Driving and Biking in the Big City

Vinny drives away into the sunset

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The beloved and loyal Vinny

The beloved and loyal Vinny

I’m a pretty sentimental person and a tragic romantic who fights daily to stay away from my Jerry Springer, drama-rama side that is my trailer park heritage. I have broken the cycle, haven’t I?  But today, I’m fighting away my emotional “hissy fit” at the loss of Vinny, my trusty steed and commuting companion of 10 years. Two of the local yard-doers, clearly all cleaned up to make an honorable impression and a good deal, surprised me with a cash offer yesterday  that I eventually took.

I never even put a “for sale” sign on Vinny, the 2003 Xterra that was in pretty pristine condition despite an odometer reading of 175,000-plus miles. It would have taken a lot for me to make the effort to sell him, but the idea had started crossing my mind on occasion. Perhaps it was fate who led these guys to my house yesterday to say they’d noticed the Xterra had been parked for a while, and they wondered if it was for sale. They said they were from Brownsville and did some work in the neighborhood but mostly didn’t expect to be back for a while. Could we make the deal right away? They had cash if I had papers.

On first sniff I sent them away, thinking I had a lot of thinking to do. It took a couple of hours for me to decide it would be the right thing, an easy thing to let him go on to his Chapter 2. They were making it easy for me to say goodby. And me, I needed to let go. Vinny was getting less and less use. He was my main go-to guy for trips to the vet with hounds Patsy and Tucker or to parks and neighborhoods to keep my walks from being so routine. But honestly, the last time I’d picked up my hounds from the vet, I’d taken Clarence, out of convenience.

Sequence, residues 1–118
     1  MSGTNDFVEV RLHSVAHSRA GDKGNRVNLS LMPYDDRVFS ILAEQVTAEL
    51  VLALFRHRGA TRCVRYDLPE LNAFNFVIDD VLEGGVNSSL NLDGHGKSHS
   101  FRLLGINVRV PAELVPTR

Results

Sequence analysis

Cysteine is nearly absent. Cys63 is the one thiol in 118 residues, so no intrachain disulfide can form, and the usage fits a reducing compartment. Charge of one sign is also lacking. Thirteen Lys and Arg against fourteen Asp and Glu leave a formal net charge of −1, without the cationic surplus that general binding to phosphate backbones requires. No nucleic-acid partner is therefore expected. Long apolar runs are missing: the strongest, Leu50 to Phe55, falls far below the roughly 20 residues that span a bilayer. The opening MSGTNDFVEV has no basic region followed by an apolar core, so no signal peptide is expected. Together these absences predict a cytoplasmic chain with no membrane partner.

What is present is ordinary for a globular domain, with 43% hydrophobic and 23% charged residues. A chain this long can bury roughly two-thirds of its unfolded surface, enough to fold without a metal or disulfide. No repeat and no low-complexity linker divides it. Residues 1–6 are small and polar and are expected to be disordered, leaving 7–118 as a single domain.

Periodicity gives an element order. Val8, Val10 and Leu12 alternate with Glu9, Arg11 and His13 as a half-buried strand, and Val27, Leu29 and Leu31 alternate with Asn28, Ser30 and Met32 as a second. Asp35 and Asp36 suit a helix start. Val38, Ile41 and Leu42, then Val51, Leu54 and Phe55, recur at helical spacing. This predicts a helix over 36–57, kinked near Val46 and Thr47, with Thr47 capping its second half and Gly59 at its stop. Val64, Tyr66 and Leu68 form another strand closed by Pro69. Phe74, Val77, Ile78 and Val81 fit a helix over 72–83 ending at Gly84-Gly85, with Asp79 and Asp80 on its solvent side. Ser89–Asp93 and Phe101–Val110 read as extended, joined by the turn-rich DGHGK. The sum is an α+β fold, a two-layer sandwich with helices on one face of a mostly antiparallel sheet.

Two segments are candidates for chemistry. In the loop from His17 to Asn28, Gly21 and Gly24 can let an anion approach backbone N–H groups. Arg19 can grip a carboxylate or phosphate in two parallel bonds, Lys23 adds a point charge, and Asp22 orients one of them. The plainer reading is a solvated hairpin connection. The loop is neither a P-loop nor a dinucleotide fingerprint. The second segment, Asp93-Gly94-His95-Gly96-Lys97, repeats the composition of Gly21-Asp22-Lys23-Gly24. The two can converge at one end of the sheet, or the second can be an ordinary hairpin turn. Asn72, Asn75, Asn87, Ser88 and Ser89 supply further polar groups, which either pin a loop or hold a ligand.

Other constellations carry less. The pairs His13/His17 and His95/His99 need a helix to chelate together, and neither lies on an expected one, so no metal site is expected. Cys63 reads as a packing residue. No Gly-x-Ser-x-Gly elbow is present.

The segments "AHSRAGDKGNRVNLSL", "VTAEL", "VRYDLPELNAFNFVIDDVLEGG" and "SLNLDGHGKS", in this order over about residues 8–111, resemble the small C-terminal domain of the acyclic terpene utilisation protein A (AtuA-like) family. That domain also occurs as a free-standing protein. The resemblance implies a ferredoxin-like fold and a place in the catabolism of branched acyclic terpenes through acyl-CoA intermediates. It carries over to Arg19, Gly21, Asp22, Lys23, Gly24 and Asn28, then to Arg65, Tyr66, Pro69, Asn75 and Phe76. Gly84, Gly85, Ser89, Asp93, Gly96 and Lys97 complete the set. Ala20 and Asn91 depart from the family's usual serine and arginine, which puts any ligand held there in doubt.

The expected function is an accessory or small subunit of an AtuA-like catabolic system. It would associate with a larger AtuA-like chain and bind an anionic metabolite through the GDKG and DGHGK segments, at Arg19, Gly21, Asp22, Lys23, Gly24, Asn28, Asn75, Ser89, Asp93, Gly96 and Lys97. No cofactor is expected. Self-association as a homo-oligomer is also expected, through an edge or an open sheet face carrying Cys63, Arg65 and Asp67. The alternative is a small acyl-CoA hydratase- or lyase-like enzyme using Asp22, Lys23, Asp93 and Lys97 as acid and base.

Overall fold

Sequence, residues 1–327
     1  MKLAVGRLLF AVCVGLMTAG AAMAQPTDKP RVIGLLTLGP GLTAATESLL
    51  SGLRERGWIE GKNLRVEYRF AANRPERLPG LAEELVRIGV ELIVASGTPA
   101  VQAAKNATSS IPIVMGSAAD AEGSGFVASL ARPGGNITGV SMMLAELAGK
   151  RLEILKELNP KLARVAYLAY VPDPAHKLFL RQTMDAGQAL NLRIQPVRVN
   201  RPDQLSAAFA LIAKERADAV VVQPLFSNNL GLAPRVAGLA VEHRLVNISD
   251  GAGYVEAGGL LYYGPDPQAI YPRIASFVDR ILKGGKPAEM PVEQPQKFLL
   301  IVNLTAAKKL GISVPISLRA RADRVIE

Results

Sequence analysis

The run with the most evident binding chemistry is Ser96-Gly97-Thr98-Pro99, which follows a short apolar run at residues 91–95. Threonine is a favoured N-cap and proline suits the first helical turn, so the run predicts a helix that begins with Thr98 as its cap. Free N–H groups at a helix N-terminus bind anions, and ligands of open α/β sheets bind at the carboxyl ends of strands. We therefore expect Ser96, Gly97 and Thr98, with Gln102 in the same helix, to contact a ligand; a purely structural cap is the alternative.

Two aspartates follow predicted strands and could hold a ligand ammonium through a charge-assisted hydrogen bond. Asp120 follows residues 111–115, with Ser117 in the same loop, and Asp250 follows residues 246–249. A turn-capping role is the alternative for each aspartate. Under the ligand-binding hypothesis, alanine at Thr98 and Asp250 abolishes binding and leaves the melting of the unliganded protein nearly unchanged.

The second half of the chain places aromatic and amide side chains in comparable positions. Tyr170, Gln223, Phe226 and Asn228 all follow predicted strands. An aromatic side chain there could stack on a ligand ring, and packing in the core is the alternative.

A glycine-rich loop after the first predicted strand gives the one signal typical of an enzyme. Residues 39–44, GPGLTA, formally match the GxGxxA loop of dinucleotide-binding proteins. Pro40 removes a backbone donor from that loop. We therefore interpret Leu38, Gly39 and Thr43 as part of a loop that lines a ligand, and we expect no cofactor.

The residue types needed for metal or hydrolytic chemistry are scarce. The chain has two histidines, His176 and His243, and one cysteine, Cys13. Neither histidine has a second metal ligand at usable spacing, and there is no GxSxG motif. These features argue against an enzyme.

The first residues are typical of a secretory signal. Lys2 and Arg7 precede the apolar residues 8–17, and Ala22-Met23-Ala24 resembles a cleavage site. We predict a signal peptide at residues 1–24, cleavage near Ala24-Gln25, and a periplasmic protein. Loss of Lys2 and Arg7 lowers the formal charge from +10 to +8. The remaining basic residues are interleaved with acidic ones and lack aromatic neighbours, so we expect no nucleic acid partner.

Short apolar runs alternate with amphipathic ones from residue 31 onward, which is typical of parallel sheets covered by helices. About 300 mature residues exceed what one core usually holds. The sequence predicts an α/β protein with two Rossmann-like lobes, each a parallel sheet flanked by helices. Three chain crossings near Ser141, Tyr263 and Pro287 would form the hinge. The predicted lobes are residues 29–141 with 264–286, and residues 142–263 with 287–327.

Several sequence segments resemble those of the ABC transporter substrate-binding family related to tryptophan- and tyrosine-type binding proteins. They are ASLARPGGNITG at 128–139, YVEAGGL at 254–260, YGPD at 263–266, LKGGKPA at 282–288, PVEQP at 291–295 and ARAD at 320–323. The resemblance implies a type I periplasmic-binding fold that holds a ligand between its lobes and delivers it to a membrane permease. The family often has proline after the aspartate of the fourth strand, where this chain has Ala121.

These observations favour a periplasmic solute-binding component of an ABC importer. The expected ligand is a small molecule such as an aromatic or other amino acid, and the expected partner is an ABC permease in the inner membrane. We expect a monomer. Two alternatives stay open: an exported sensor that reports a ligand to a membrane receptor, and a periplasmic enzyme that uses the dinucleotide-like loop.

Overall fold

So, the new owner was delighted when I called back and agreed he could take Vinny away that day. Vinny fired up after a false start or two because he hadn’t been driven lately. Eventually, he roared to life, and his new owner knew he’d gotten a good deal and a much beloved ride. I even told the two, later three, rustic gentlemen his name, Vinny, and explained that I’d named him for Vin Diesel the year that the movie XXX came out.  I laughed while all the men — including my husband — rolled their eyes at my love for my fire-engine red vehicle that had become a beloved, living and breathing character in my life.

I told them how important Vinny was/is to me. How he’d delivered me safely through the terrible weather and flooding in Houston. How Vinny had been the winner in four different rear-enders during heavy Houston commuting. How he’d taken me on the eight to 10-hour drive to Lubbock during the years my daughter was at Texas Tech and how he and I had traveled, often alone, to Galveston to stare at the beach.

A native Texan whose five-year out-of-state experience was in Motor City, I’ve always considered my vehicles personal — a speedy limb to my body. I love to drive, and I love my cars. A bit of a control freak, I always had to have the kids in my car, later my tennis team and most recently my co-workers. If we are going somewhere, I want to drive. And, as an old cop reporter, I’m used to traveling the roads alone as frequently as not. I’ve never minded hopping in my car to chase a hurricane or a tornado or to cover a murder or head to the violent part of town. And, back in those days, my traveling companion was never as reliable as Vinny. He is a tough act for Clarence to follow.

The spot in the driveway  where he’s been sitting mostly idle since I bought Clarence is depressingly vacant today. The purple and gold shrub that sat beside him for the last few months has spread hugely  across the driveway to need a trim. Today, he’s exploring new trails with new companions. And, if I get the chance to glance him on the roadways again, I will know he’s my old friend. The road is long.


Written by commuterchroniclesdbh

November 3, 2013 at 2:18 pm

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